It can seem as though law firms change their names faster than you can say “Bryan Cave Leighton Paisner”. Often, this is because two firms have merged and given themselves the legal equivalent of a ship name or a larger firm has bought a smaller one.
For future trainees, it’s clear why mergers and acquisitions are important. However, it would certainly be disconcerting to find that the small firm you chose to apply to had been absorbed into a much larger one by the time you arrive.
But why should any of this matter to those who have yet to secure a training contract?
The answer is everyone’s favourite catchphrase: commercial awareness. Being able to talk about why law firms choose to merge is a great way to demonstrate your understanding of the pressures faced by merging parties and how the legal industry is changing.
This post explores two reasons why law firms might choose to join forces.
First, law firms often merge in order to expand into or strengthen their position in new markets. For example, so far in 2019, UK law firm DWF has merged with the smaller Melbourne-based firm Korosidis Lawyers in order to expand its Australian office, while Fieldfisher’s merger with Irish firm Mcdowell Purcell has allowed it to open its first office in Dublin. Firms often merge because, to be successful, they must appeal to major clients. As these clients are often multinationals, the issues they seek legal advice about may cover multiple jurisdictions. However, most lawyers are qualified to practise in one jurisdiction only. Therefore, to best serve major clients, law firms must be able to call on lawyers from several countries. This is made easier by the fact that, unlike most industries in the services sector, the legal industry provides services that can easily be sent across borders (eg, someone in the United Kingdom can’t receive a haircut from France without a lot of unnecessary expense, but they can easily videocall a lawyer in or email documents to a firm based in France).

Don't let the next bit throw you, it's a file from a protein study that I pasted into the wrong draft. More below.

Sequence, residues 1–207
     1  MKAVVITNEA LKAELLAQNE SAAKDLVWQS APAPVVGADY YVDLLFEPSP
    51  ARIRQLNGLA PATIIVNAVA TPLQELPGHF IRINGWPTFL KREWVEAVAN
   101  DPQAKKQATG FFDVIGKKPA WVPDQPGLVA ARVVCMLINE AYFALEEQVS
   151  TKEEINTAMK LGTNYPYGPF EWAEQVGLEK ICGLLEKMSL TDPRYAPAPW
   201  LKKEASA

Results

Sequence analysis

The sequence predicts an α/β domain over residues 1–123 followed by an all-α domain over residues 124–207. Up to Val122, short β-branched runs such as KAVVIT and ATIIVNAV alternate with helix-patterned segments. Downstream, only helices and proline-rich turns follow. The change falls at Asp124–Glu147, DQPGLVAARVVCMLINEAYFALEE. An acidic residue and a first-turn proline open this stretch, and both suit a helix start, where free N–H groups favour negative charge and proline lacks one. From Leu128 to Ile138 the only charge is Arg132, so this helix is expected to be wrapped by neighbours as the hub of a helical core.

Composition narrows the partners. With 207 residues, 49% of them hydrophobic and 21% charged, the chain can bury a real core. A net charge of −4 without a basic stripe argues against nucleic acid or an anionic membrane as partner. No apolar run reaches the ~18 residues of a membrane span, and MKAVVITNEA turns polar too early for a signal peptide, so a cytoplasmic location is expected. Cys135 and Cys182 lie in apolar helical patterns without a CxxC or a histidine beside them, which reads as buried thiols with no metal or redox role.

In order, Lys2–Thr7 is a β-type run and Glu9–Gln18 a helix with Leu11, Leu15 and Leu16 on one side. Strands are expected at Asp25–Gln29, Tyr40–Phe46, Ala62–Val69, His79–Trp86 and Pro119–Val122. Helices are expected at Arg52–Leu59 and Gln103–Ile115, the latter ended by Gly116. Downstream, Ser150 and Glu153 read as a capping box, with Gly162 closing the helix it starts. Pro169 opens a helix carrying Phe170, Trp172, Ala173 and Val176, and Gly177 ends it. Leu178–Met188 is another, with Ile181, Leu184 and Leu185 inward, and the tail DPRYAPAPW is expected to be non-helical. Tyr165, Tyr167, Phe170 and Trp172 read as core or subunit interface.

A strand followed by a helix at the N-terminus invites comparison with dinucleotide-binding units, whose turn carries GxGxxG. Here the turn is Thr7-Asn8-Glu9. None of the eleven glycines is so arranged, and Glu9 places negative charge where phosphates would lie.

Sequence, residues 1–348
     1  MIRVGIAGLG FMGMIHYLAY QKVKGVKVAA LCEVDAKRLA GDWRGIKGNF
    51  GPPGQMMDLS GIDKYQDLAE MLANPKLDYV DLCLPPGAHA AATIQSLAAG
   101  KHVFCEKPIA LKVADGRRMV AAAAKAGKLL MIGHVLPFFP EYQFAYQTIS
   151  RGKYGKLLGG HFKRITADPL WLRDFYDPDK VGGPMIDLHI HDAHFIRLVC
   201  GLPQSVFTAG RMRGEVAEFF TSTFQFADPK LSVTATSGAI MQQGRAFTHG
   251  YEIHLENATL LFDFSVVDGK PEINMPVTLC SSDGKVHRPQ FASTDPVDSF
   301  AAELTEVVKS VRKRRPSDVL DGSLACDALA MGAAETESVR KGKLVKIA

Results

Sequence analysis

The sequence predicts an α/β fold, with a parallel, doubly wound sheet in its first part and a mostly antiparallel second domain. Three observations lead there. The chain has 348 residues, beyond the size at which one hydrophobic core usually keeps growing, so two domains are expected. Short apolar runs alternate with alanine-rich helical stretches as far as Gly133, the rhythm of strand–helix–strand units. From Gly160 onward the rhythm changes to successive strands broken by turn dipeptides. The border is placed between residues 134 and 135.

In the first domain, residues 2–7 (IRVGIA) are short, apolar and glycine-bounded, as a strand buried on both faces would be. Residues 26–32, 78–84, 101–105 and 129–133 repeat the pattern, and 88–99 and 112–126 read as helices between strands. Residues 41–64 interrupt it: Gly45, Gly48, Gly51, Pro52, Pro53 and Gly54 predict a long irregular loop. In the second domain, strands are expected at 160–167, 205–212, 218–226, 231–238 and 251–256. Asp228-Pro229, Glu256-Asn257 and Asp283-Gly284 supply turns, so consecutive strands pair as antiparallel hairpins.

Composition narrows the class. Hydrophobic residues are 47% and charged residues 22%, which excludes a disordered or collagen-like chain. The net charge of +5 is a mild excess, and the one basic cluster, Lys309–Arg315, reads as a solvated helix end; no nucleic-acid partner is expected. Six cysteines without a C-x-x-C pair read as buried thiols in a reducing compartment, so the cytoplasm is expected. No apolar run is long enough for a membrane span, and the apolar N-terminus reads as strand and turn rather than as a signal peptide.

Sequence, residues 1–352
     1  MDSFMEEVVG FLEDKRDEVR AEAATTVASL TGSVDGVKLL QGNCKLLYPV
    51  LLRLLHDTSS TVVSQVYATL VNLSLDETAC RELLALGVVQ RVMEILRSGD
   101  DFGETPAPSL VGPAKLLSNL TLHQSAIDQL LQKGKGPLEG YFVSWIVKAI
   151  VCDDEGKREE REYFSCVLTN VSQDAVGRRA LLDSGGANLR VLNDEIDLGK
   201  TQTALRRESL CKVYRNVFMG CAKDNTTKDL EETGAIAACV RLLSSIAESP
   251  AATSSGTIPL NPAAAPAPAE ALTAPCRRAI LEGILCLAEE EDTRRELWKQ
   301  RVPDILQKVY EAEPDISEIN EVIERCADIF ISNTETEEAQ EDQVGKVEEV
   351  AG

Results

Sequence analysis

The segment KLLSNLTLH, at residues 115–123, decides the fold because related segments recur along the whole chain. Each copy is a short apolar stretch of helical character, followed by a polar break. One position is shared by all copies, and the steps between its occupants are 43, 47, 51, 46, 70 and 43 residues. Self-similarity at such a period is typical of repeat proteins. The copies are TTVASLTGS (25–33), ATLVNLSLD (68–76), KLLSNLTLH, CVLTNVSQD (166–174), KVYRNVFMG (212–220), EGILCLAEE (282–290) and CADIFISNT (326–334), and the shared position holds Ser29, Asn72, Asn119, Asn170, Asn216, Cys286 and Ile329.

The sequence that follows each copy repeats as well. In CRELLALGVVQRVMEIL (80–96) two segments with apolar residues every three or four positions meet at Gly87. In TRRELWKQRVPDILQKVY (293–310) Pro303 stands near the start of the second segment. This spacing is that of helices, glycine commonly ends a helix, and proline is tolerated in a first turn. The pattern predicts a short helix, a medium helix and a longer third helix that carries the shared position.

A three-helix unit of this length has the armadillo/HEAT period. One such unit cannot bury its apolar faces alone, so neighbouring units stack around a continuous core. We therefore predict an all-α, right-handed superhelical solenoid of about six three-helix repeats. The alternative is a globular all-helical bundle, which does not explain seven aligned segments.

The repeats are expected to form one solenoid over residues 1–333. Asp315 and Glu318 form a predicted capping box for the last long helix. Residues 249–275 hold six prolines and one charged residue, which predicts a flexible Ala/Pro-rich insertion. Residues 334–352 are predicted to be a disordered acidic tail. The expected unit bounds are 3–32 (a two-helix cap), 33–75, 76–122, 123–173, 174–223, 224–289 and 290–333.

Mergers also enable law firms to benefit from so-called ‘economies of scale’. For example, suppose that a firm is planning to spend a large amount of money developing a piece of legal tech software for its employees to use. The development cost would be similar for all firms, regardless of their size. However, for larger firms, this cost would be less as a proportion of their revenue, so the risk associated with such an investment would be reduced. Indeed, Bryan Cave and Berwin Leighton Paisner cited investment in new technologies as one of the motivations for their high-profile 2018 merger.
While these are by no means the only reasons why law firms choose to merge, hopefully this post will encourage you to consider the reasons why mergers happen the next time you discover that the firm you’re googling has changed its name.